10. Frank W. Heiland & Na Yin, 2014. "Have We Finally Achieved Actuarial Fairness of Social Security Retirement Benefits and Will It Last?," Working Papers wp307, University of Michigan, Michigan Retirement Research Center.
    11. Hugo Benitez-Silva & Na Yin, 2007. "An Empirical Study of the Effects of Social Security Reforms on Claming Behavior and Benefits Receipt Using Aggregate and Public-Use Administrative Micro Data," Department of Economics Working Papers 07-05, Stony Brook University, Department of Economics.
    12. Michaud, P.C. & Vermeulen, F.M.P., 2004. "A Collective Retirement Model : Identification and Estimation in the Presence of Externalities," Other publications TiSEM fb0bfe30-b1e3-4b61-9bf2-1, Tilburg University, School of Economics and Management.
    13. van der Klaauw, Wilbert & Wolpin, Kenneth I., 2008. "Social security and the retirement and savings behavior of low-income households," Journal of Econometrics, Elsevier, vol. 145(1-2), pages 21-42, July.
    14. Gustman, Alan L. & Steinmeier, Thomas L., 2015. "Effects of social security policies on benefit claiming, retirement and saving," Journal of Public Economics, Elsevier, vol. 129(C), pages 51-62.
    15. Liebman, Jeffrey B. & Luttmer, Erzo F.P. & Seif, David G., 2009. "Labor supply responses to marginal Social Security benefits: Evidence from discontinuities," Journal of Public Economics, Elsevier, vol. 93(11-12), pages 1208-1223, December.
    16. Bent Jesper Christensen & Malene Kallestrup‐Lamb, 2012. "The Impact Of Health Changes On Labor Supply: Evidence From Merged Data On Individual Objective Medical Diagnosis Codes And Early Retirement Behavior," Health Economics, John Wiley & Sons, Ltd., vol. 21(S1), pages 56-100, June.
    17. Frank van Erp & Paul de Hek, 2009. "Analyzing labour supply of elderly people: a life-cycle approach," CPB Document 179.rdf, CPB Netherlands Bureau for Economic Policy Analysis.
    18. Hugo Benitez-Silva & Frank Heiland, 2008. "Early Retirement, Labor Supply, and Benefit Withholding: The Role of the Social Security Earnings Test," Working Papers wp183, University of Michigan, Michigan Retirement Research Center.
    19. Rob Euwals & Annemiek van Vuren & Daniel van Vuuren, 2011. "The impact of reforms on labour market exit probabilities," CPB Discussion Paper 179.rdf, CPB Netherlands Bureau for Economic Policy Analysis.
    20. Hakola, Tuulia, 2002. "Alternative Approaches to Model Withdrawals from the Labour Market – A Literature Review," Working Paper Series 2003:4, Uppsala University, Department of Economics.

    More about this item

    Keywords

    social security statements; retirement expectations; retirement behavior; social security incentives;
    All these keywords.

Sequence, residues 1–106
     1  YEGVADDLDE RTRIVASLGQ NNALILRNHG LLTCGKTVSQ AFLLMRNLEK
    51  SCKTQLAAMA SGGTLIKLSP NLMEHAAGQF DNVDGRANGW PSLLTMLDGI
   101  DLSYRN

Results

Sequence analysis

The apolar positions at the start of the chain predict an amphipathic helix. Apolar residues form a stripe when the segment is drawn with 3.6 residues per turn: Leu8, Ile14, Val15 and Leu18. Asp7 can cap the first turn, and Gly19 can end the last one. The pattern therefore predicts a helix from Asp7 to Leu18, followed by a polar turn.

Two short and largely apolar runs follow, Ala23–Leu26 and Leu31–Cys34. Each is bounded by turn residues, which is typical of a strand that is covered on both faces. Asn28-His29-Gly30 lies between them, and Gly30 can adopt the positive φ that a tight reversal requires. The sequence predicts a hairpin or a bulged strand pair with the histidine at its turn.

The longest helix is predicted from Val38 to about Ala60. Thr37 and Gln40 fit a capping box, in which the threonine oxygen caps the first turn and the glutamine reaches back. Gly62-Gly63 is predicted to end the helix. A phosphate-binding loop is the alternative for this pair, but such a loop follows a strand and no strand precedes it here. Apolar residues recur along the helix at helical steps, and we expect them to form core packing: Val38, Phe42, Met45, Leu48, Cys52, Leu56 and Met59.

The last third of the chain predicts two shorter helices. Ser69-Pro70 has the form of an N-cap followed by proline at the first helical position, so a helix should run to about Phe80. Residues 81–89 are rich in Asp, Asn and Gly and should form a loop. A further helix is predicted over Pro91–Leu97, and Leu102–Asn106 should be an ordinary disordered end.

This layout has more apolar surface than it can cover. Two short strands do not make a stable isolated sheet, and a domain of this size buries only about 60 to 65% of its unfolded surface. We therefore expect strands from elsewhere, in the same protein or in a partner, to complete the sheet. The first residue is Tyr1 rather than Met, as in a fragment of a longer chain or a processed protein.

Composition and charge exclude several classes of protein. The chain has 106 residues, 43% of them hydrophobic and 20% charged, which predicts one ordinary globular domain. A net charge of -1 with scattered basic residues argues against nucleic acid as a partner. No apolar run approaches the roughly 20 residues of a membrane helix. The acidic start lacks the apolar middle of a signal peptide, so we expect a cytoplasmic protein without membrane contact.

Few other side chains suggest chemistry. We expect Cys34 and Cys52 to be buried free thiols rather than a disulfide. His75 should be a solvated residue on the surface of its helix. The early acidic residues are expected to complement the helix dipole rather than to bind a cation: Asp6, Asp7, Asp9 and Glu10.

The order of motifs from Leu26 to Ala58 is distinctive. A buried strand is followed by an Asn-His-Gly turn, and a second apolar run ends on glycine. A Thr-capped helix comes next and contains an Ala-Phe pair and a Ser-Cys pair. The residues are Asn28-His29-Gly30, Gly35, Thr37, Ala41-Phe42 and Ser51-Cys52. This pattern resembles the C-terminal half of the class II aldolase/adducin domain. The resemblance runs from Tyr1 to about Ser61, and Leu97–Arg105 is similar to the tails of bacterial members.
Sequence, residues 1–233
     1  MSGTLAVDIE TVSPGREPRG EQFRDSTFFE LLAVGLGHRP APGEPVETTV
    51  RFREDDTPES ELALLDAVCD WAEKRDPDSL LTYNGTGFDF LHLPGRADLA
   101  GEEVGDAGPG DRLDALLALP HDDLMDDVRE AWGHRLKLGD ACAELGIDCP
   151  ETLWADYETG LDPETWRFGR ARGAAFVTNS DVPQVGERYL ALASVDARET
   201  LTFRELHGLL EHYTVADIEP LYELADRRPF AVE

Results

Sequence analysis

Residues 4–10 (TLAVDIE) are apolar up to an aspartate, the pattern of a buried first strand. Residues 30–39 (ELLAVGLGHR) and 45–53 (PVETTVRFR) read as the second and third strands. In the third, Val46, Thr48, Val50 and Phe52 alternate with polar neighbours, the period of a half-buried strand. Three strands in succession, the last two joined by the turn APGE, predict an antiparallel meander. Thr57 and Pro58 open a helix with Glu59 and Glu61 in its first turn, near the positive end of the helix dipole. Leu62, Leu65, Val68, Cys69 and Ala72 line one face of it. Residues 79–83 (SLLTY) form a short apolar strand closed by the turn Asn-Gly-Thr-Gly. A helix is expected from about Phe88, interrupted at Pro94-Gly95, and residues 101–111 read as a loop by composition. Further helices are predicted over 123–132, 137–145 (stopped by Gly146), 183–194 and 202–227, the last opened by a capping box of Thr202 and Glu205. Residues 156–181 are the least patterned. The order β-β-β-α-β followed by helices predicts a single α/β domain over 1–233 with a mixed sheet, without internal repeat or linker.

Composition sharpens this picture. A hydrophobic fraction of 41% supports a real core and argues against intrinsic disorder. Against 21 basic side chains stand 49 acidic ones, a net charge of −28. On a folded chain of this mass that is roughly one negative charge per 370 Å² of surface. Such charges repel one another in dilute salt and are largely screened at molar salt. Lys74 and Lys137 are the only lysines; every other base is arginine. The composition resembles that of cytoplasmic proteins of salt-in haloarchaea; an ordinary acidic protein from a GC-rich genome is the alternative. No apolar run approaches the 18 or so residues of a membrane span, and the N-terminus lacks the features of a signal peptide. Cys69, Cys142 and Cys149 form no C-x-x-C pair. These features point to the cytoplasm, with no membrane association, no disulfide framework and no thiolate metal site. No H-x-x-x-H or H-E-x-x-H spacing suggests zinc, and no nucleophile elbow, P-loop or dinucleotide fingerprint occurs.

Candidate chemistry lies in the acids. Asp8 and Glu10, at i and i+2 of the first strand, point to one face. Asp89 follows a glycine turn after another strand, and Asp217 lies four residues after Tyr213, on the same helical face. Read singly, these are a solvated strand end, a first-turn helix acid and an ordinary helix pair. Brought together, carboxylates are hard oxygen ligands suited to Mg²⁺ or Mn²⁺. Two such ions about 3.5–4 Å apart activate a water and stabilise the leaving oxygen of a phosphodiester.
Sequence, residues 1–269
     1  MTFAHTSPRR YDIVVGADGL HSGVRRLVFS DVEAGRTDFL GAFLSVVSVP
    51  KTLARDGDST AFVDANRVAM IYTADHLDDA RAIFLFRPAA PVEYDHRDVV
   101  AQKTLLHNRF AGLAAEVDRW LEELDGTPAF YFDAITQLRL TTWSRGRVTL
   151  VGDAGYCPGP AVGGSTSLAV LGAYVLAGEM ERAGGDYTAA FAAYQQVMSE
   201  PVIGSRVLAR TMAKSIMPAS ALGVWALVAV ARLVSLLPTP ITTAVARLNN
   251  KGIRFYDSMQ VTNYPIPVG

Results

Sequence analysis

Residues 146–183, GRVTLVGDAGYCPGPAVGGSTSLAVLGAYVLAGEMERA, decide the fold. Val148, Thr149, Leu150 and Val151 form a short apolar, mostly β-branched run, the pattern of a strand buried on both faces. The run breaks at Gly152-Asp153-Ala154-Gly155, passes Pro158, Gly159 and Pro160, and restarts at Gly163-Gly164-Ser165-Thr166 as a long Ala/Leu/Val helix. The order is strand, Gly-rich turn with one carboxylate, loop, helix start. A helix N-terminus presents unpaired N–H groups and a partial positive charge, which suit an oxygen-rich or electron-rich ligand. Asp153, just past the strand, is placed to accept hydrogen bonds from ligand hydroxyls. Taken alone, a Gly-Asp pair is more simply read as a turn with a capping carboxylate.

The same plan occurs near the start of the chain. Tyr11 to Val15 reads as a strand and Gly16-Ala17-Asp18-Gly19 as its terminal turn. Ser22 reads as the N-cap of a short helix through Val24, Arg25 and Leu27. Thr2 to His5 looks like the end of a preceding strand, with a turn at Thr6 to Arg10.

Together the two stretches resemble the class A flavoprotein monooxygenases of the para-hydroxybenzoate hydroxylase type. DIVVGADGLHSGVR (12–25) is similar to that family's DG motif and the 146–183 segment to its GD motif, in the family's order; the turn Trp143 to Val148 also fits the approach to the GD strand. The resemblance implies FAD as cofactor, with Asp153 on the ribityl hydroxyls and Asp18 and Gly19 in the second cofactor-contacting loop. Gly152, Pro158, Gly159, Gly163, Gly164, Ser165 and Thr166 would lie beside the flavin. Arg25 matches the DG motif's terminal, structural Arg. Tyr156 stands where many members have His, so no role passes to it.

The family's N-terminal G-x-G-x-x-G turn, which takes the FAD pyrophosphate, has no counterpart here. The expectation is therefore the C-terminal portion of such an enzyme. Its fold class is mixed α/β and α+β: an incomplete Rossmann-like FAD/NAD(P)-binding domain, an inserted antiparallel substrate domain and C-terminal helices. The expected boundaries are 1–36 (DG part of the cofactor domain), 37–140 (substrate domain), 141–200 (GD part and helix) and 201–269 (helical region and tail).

JEL classification:

    • H55 - Public Economics - - National Government Expenditures and Related Policies - - - Social Security and Public Pensions
    • J26 - Labor and Demographic Economics - - Demand and Supply of Labor - - - Retirement; Retirement Policies

    NEP fields

    This paper has been announced in the following NEP Reports:

    Statistics

    Access and download statistics

    Corrections

    All material on this site has been provided by the respective publishers and authors. You can help correct errors and omissions. When requesting a correction, please mention this item's handle: RePEc:cca:wpaper:51. See general information about how to correct material in RePEc.

    For technical questions regarding this item, or to correct its authors, title, abstract, bibliographic or download information, contact: . General contact details of provider: https://edirc.repec.org/data/fccaait.html .

    If you have authored this item and are not yet registered with RePEc, we encourage you to do it here. This allows to link your profile to this item. It also allows you to accept potential citations to this item that we are uncertain about.

    If CitEc recognized a bibliographic reference but did not link an item in RePEc to it, you can help with this form .

    If you know of missing items citing this one, you can help us creating those links by adding the relevant references in the same way as above, for each refering item. If you are a registered author of this item, you may also want to check the "citations" tab in your RePEc Author Service profile, as there may be some citations waiting for confirmation.

    For technical questions regarding this item, or to correct its authors, title, abstract, bibliographic or download information, contact: Giovanni Bert (email available below). General contact details of provider: https://edirc.repec.org/data/fccaait.html .

    Please note that corrections may take a couple of weeks to filter through the various RePEc services.

    IDEAS is a RePEc service hosted by the Research Division of the Federal Reserve Bank of St. Louis . RePEc uses bibliographic data supplied by the respective publishers.